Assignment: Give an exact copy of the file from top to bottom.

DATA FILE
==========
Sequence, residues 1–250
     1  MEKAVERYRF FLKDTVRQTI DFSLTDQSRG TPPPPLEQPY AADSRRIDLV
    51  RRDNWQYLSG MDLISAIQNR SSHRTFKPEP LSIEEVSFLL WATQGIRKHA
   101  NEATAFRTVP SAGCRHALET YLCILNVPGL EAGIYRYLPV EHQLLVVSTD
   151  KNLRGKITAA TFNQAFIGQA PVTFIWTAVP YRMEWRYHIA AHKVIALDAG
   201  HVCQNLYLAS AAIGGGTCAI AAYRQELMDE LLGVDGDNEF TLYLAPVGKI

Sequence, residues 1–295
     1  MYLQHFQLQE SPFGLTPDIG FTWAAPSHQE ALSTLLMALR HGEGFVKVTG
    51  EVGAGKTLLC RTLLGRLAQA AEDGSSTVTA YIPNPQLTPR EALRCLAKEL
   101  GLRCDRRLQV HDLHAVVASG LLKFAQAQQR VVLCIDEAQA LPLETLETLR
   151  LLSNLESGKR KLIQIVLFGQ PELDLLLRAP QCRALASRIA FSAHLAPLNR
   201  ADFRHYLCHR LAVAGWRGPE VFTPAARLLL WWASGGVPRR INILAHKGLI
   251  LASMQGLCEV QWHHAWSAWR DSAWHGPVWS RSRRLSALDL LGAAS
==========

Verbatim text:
Sequence, residues 1–250
     1  MEKAVERYRF FLKDTVRQTI DFSLTDQSRG TPPPPLEQPY AADSRRIDLV
    51  RRDNWQYLSG MDLISAIQNR SSHRTFKPEP LSIEEVSFLL WATQGIRKHA
   101  NEATAFRTVP SAGCRHALET YLCILNVPGL EAGIYRYLPV EHQLLVVSTD
   151  KNLRGKITAA TFNQAFIGQA PVTFIWTAVP YRMEWRYHIA AHKVIALDAG
   201  HVCQNLYLAS AAIGGGTCAI AAYRQELMDE LLGVDGDNEF TLYLAPVGKI

Sequence, residues 1–295
     1  MYLQHFQLQE SPFGLTPDIG FTWAAPSHQE ALSTLLMALR HGEGFVKVTG
    51  EVGAGKTLLC RTLLGRLAQA AEDGSSTVTA YIPNPQLTPR EALRCLAKEL
   101  GLRCDRRLQV HDLHAVVASG LLKFAQAQQR VVLCIDEAQA LPLETLETLR
   151  LLSNLESGKR KLIQIVLFGQ PELDLLLRAP QCRALASRIA FSAHLAPLNR
   201  ADFRHYLCHR LAVAGWRGPE VFTPAARLLL WWASGGVPRR INILAHKGLI
   251  LASMQGLCEV QWHHAWSAWR DSAWHGPVWS RSRRLSALDL LGAAS